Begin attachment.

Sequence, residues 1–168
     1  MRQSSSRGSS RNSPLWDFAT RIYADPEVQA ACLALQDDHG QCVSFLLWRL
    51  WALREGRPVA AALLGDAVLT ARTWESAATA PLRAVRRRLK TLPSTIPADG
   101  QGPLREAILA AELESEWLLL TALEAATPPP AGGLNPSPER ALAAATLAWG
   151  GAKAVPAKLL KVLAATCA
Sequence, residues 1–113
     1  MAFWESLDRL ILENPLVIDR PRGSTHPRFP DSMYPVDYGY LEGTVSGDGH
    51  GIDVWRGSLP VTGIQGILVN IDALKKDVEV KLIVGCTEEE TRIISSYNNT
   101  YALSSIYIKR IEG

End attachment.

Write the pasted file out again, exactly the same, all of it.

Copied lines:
Sequence, residues 1–168
     1  MRQSSSRGSS RNSPLWDFAT RIYADPEVQA ACLALQDDHG QCVSFLLWRL
    51  WALREGRPVA AALLGDAVLT ARTWESAATA PLRAVRRRLK TLPSTIPADG
   101  QGPLREAILA AELESEWLLL TALEAATPPP AGGLNPSPER ALAAATLAWG
   151  GAKAVPAKLL KVLAATCA
Sequence, residues 1–113
     1  MAFWESLDRL ILENPLVIDR PRGSTHPRFP DSMYPVDYGY LEGTVSGDGH
    51  GIDVWRGSLP VTGIQGILVN IDALKKDVEV KLIVGCTEEE TRIISSYNNT
   101  YALSSIYIKR IEG